For the 2018 NCRI Cancer Conference, Nicole highlighted some of the innovations in design of the event that we can look forward to seeing: not only will we be in a new venue (and city, the 2018 Conference will be held in Glasgow), the programme will now span three days and cover five research streams. The Scientific Committee is working together across four sub-committees to produce an interdisciplinary programme that provides delegates with a range of sessions from all areas of cancer research. Like last year, we will be offering a combination of posters and e-posters and the chance to orally present research in the silent theatres in the Exhibition Hall. We will also continue with the Conference’s public engagement activity and host – for the first time in Glasgow – the successful School’s Event, inviting local sixth-formers and their teachers to come together and learn about cancer research. Nicole ended her presentation by showing Partners the outcome of the 2017 NCRI Cancer Conference School’s Event, which was organised jointly with the Roy Castle Lung Cancer Foundation. The sixth-formers in attendance learnt about working in cancer research and were tasked to produce a video targeted at their peers. You can see their insightful learnings in this video. Nicole is now calling for Partners to get involved in the organisation of the 2018 School’s Event.
For the afternoon session, NCRI Partners took the floor. They participated in an insightful breakout session around how they engage with other groups as part of NCRI and the benefits and risks of formalising these interactions e.g. through some form of associate or affiliate membership. Generally, Partners thought that the NCRI Partnership was well balanced with the current system of formal membership. The NCRI Executive will be considering how best to take forward the feedback received during the session.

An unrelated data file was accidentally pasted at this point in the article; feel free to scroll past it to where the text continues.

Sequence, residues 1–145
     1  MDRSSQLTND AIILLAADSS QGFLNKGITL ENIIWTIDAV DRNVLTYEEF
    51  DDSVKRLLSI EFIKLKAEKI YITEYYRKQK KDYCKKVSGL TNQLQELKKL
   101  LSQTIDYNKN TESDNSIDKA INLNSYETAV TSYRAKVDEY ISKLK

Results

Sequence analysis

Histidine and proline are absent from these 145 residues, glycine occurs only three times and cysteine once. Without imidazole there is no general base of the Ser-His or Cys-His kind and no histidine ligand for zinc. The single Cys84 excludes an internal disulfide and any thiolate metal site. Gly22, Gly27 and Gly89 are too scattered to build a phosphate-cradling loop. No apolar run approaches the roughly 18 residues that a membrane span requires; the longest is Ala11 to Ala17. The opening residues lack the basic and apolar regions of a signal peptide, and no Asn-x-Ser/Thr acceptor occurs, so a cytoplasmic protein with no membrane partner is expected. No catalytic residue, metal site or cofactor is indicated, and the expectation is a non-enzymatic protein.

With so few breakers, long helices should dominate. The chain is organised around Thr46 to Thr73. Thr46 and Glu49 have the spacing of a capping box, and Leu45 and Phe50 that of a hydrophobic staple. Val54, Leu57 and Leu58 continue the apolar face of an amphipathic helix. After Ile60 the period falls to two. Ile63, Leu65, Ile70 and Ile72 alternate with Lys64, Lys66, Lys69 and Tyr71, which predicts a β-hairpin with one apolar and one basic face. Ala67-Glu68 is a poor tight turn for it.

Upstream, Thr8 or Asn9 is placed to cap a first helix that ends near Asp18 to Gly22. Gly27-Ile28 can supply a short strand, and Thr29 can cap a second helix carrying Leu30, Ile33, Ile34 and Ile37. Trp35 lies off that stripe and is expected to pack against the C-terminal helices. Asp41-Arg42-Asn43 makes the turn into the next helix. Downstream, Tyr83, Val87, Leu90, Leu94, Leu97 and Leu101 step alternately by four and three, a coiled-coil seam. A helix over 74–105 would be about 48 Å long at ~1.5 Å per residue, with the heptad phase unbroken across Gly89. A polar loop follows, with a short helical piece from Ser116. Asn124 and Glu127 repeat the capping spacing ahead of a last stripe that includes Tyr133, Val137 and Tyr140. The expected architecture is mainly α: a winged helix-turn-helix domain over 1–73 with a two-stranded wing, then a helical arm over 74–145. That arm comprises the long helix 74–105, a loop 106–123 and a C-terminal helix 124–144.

Sue Farrington Smith, Chief Executive of Brain Tumour Research, NCRI’s newest Partner, was welcomed to her first Partner’s meeting. Sue outlined the work of the charity and its mission to build a network of experts in sustainable brain tumour research.
Julie Little, Business Development Executive at Cancer Research UK (CRUK) gave an overview of The CRUK–MedImmune Alliance Laboratory and how it is working to translate novel research into therapeutic and diagnostic antibodies. She summarised how the laboratory, which brings together CRUK and MedImmune (the global biologics research and development arm of AstraZeneca), works to discover and develop antibodies as therapeutics and diagnostics for the treatment of cancer. The laboratory has large phage antibody libraries and world class high-throughput screening and lead optimisation capabilities. They are inviting researchers to apply to access their unique laboratory and expertise to develop novel therapeutic and diagnostic antibodies.